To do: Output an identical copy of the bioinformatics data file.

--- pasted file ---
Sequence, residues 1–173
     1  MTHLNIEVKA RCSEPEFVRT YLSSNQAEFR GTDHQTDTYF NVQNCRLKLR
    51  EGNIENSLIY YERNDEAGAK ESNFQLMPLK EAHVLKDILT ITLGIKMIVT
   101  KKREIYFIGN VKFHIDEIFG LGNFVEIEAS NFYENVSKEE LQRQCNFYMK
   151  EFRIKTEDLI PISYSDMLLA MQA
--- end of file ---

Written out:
Sequence, residues 1–173
     1  MTHLNIEVKA RCSEPEFVRT YLSSNQAEFR GTDHQTDTYF NVQNCRLKLR
    51  EGNIENSLIY YERNDEAGAK ESNFQLMPLK EAHVLKDILT ITLGIKMIVT
   101  KKREIYFIGN VKFHIDEIFG LGNFVEIEAS NFYENVSKEE LQRQCNFYMK
   151  EFRIKTEDLI PISYSDMLLA MQA